The recycling convenience center at the Ivy Materials Utilization Center (MUC), also known as the former landfill on Dick Woods Road, has been recently expanded to include bins for several types of plastic containers and films. The upgrades include separate bins for #1 and #2 plastics such as milk jugs and water bottles, and another for #2 and #4 films such as grocery bags and newspaper sleeves. The changes are part of an overhaul of the convenience center that was budgeted by the Rivanna Solid Waste Authority (RSWA) and the Albemarle Board of Supervisors in August of 2019.
“We’re doing a soft start, putting things up as soon as they come in,” said Phil McKalips, Director of Solid Waste for the RSWA. “We’ve had all the signs made and put up as well, and we’re going to see how the layout works best for us and for residents.” A new cardboard compactor, similar to the one at the McIntire Recycling Center in Charlottesville, was also installed in July, and the RSWA is preparing to hire a full-time attendant for the Ivy center to manage the machine and aid citizens.
“At this point the Ivy MUC is offering the exact same options as McIntire, except I don’t think we’ll get to the point where we have an oyster bin [at Ivy],” said McKalips. “Also, there’s a used cooking oil collection drum at McIntire, but it’s not getting much use, and we don’t want to put one out here and have it take a year to fill up, which would just be a habitat for fly larvae.” Black Bear Compost also provides a green and yellow collection bin at the Ivy MUC, which stands alone to the left of the aluminum can bin, and McKalips said if demand increases he will put more compost bins out.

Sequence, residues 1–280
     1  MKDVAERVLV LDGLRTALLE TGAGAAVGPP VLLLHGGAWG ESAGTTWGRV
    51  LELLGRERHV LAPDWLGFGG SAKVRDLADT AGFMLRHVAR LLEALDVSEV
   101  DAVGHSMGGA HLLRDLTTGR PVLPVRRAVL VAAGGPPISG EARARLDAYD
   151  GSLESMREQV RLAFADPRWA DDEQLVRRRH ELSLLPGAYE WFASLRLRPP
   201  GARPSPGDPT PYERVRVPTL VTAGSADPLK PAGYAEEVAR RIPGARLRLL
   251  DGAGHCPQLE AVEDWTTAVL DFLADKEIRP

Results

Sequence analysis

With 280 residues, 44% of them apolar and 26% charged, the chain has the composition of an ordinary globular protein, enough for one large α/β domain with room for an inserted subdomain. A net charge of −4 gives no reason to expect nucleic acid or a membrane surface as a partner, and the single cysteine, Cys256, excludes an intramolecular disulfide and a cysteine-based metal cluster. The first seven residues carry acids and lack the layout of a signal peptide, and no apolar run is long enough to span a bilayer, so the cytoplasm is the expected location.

The recycling expansion also includes a reconfiguration of truck traffic patterns to protect residents in the convenience center, and the MUC has paved a new road to reroute the big rigs. “Our haul trucks that take waste from the transfer station used to drive right down the middle of the recycling area through the back lot, and when the recycling center was small it was no problem,” said McKalips. “Now we’re blocking off that road to make the convenience center into a cul-de-sac so truck drivers don’t have worry about mixing it up with people, dogs, whatever, and it will be safer.”
Painted parking spaces, possibly on new asphalt, will be added in the fall next to the recycling bins for more orderly drop-off (similar to the McIntire center), and an automatic gate will be installed at the entrance to the truck route so recycling patrons don’t get lost. The MUC will also erect fencing on the loading dock behind the bins for safety and a nicer appearance.
“We hope to do a kind of grand opening in August or September when it’s all done,” said McKalips, “but we definitely want people to know it’s mostly ready to go now.”
Mulch and Compost for Sale at Ivy MUC
Mulch for home and landscaping needs is now available at the Ivy Material Utilization Center for $30 per ton. The MUC is now offering compost for sale by the ton at $75 per ton. There are approximately two cubic yards in a ton of compost. Supplies are expected to last through remainder of the year.
The mulch is ground from yard waste at the Ivy MUC and the SoilBuilder compost material is hauled from the McGill Environment facility in Waverly. SoilBuilder is made of 100 percent recycled content including the compostable food waste collected at RSWA’s McIntire Recycling Center. Compost provides long-term nutrient and water retention benefits for lawn and garden applications. SoilBuilder is certified under the U.S. Composting Council’s “Seal of Testing Assurance” program.
For more information on McGill’s compost, please visit: https://mcgillcompost.com/mcgill- compost-products/mcgill-soilbuilder-compost.
The Ivy MUC is located at 4576 Dick Woods Road.